May is Better Hearing & Speech Month – Missouri Scottish Rite RiteCare Speech, Language, and Learning Programs
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May is Better Hearing & Speech Month

Only four months in, and 2020 has proved itself unparalleled. Amid the chaos and turmoil, an unmistakable light shines through the darkness. During this unprecedented season, much has been put on hold or canceled all together. Nonetheless, the necessity to help children with speech and language disorders continues, as does our commitment to these children and their families. RiteCare Scottish Rite Childhood Language Program clinics provide diagnostic evaluation and treatment of speech and language disorders, as well as learning disabilities at no cost to the families. Missouri RiteCare is wholly dedicated to maintaining this mission. May serves as a time to raise awareness about communication disorders and available treatment options that can improve the quality of life for those who experience problems speaking, understanding, or hearing.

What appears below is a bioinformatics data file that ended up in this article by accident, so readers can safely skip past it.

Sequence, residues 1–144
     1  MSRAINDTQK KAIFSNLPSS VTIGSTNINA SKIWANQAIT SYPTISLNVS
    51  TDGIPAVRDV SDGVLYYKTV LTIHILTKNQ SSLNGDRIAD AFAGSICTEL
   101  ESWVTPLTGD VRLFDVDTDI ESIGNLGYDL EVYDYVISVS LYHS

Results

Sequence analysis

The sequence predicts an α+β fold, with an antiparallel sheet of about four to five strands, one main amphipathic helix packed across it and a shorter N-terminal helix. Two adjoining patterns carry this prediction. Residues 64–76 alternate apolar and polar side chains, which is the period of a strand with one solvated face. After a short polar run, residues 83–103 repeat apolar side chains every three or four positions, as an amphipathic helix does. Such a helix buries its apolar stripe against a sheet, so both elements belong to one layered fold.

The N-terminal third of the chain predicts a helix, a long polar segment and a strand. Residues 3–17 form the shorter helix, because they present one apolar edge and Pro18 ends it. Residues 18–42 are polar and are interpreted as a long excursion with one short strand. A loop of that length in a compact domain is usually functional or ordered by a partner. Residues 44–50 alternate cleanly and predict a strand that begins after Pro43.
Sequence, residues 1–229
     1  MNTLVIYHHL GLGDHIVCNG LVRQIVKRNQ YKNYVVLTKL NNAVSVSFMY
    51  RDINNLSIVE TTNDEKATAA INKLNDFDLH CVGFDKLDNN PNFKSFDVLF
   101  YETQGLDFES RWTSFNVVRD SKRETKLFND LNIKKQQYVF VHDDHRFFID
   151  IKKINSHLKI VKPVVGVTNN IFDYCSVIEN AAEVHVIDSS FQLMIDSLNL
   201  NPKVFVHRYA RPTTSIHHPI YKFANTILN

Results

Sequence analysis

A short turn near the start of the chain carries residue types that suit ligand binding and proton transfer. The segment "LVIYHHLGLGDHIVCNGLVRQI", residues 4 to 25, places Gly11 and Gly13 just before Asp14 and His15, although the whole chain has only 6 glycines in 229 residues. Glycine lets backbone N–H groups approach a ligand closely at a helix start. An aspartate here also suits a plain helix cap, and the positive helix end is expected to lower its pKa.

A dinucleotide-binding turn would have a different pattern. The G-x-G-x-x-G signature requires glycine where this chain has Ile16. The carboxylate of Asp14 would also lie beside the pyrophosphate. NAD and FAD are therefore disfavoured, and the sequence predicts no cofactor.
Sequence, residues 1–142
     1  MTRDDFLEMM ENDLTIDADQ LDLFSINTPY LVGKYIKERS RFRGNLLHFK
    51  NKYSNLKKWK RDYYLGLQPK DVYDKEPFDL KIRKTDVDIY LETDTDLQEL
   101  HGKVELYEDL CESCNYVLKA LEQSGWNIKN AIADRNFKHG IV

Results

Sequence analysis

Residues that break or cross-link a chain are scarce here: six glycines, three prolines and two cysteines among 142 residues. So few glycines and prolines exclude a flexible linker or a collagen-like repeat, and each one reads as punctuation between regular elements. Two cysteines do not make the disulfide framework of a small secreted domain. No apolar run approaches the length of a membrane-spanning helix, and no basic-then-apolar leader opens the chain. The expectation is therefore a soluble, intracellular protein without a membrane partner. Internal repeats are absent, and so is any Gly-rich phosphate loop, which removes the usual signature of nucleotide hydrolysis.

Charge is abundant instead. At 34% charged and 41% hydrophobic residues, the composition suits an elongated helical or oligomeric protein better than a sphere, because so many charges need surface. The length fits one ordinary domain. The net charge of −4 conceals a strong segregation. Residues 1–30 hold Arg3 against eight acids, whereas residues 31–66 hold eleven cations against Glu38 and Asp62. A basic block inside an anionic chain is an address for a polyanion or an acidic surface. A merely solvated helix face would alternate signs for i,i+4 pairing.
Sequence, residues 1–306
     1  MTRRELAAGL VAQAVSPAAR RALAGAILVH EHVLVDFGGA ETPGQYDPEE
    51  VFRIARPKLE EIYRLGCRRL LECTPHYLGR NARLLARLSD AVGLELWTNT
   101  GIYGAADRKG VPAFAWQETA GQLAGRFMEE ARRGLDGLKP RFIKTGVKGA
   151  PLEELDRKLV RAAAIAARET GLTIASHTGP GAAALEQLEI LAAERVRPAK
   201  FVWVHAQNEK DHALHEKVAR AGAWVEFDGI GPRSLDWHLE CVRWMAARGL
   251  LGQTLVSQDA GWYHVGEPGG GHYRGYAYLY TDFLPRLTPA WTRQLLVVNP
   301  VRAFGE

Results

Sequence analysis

In honor of Better Hearing and Speech Month, we are graciously accepting donations that support these life-changing services to children in need of speech-language therapy. Throughout the entire month of May, The LIGHT Foundation has agreed to match every donation at 100% up to $10,000. Donation processing through The LIGHT Foundation removes any administrative costs and allows 100% of the donor’s gift to go to the RiteCare Program and the children they serve. Your generous tax-deductible donation will be distributed to the Missouri RiteCare Program of your choice or towards the state-wide efforts and initiatives of the Scottish Rite RiteCare program to help children communicate.



One of Missouri RiteCare’s Children

Conducive to the message of resiliency and hope, please enjoy an exclusive look into the inspiring story about a young boy named Kahleb who capitalizes on the fundamentals of speech and language therapy.

At age 3, Kahleb could only babble in his home language of Spanish with sign language to supplement his communication attempts. As his family were deployed in different regions, each doctor, therapist, and stranger kept telling this military family to forget teaching Kahleb Spanish altogether. Someone inexplicably told them, “Spanish isn’t as important as learning how to talk.” Kahleb’s mother firmly disagreed, as her cultural voice and heritage is pivotal to not only hers, but her children’s identities. Since attending therapy at the Walker Scottish Rite Clinic, Kahleb has transformed from socially quiet and observant into a talkative boy who is able to communicate using complete, complex sentences.  By building on his home language skills, bilingual therapist Ellie Richter and his parents are helping Kahleb reach his communication potential.